The Greek Key Motif in Art Deco Jewelry Design

Copyright 2013 EraGem Jewelry
Copyright 2013 EraGem Jewelry

The setting of this Art Deco engagement ring is a study in contrasts. When viewed from the side, the intricate filigree decadent images from the previous Edwardian Period. However, when viewed from above, the brilliant Old Euro cut diamond is surrounded by a geometric engraving which elicits scenes from Ancient Greece or Rome.

Called the ‘Greek Key’ pattern by modern-day designers, this angular carving is an example of one of several characteristic motifs (e.g. Chevron, Spiral Scroll, and Concentric Circles) of Art Deco jewelry. A cursory glance at the historical record might lead one to believe that these styles find their origins in classical Greek form. However, a more thorough study indicates that, while the Greeks may have introduced these devices to the Western world in previous centuries, they were not the primary influences for their use in the Art Deco movement.

William Henry Goodyear, writing in 1893, calls the Greek Key design the ‘Meander’ and purports that it evolved, not from the meandering rivers of Turkey and Greece from which it derives its name, but from the prominent symbol of Ancient Egypt, the lotus flower. His arguments are compelling in their suggestion that the Greeks adopted all of these patterns from their study of Egyptian artifacts and tombs, many of which feature the Meander pattern. Among Goodyear’s most compelling evidence is the presence of this key-like motif in the 13th-Dynasty tomb of Meri-ka-ra at Siout {The Grammar of the Lotus, 1893, p. 96}.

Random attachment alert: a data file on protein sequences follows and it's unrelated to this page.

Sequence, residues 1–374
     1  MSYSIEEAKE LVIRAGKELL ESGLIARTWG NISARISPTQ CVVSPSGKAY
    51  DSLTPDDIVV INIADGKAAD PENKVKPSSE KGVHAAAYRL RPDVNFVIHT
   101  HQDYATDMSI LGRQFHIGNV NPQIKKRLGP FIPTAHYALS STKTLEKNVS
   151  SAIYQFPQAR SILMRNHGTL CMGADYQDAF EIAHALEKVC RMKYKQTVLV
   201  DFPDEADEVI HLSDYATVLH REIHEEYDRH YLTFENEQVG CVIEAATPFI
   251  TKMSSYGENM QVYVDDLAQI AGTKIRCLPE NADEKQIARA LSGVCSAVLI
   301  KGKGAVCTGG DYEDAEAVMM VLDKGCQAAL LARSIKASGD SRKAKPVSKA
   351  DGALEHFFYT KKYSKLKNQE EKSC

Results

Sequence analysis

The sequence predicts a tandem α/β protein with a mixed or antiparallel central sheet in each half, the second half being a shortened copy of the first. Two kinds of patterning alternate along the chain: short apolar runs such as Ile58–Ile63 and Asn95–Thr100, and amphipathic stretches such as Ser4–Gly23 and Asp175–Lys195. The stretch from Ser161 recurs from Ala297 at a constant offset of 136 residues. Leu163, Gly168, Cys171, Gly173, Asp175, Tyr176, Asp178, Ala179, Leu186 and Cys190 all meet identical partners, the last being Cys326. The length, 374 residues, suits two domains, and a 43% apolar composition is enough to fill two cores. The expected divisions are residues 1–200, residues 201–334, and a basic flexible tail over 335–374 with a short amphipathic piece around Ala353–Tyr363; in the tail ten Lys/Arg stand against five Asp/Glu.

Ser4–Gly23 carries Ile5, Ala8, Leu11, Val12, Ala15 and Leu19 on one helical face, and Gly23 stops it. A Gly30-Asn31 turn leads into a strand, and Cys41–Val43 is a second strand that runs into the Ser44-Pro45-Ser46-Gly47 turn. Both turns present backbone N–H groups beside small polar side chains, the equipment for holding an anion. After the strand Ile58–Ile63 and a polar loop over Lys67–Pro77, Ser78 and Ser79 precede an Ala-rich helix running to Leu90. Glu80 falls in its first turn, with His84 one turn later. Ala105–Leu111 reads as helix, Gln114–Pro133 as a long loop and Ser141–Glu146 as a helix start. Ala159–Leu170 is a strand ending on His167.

More recent sources may provide evidence that champions of the Art Deco Movement would have bypassed the Greeks altogether, drawing directly from Egyptian artifacts for inspiration. Nancy Solomon suggests that classicism was out, while decadence combined with a renewed hope in the wonders of technology were in. She cites as evidence the discovery of King Tutankhamen’s tomb in 1922 and the 1925 Exposition des Arts Decoratifs in Paris, from which Art Deco would eventually derive its name. While the Exposition “captured the spirit of the times, amalgamating individual freedom of expression with a machine aesthetic,” the archaeological breakthrough “whetted the public’s appetite for the exotic” and also “influenced the organizers of the exposition” {Architecture, 2008, p. 43}.

Inspired by the sights of this grand exhibition, as well as the sleek lines of airplanes, automobiles, and trains of the 1920s, the architects of the day went on to design their buildings in like fashion, with symmetrical curves connected by geometric lines. Later, it was these at once sensuous and rigid buildings which inspired stunning Art Deco jewelry like this engagement ring with its, shall we say, Meandering motif.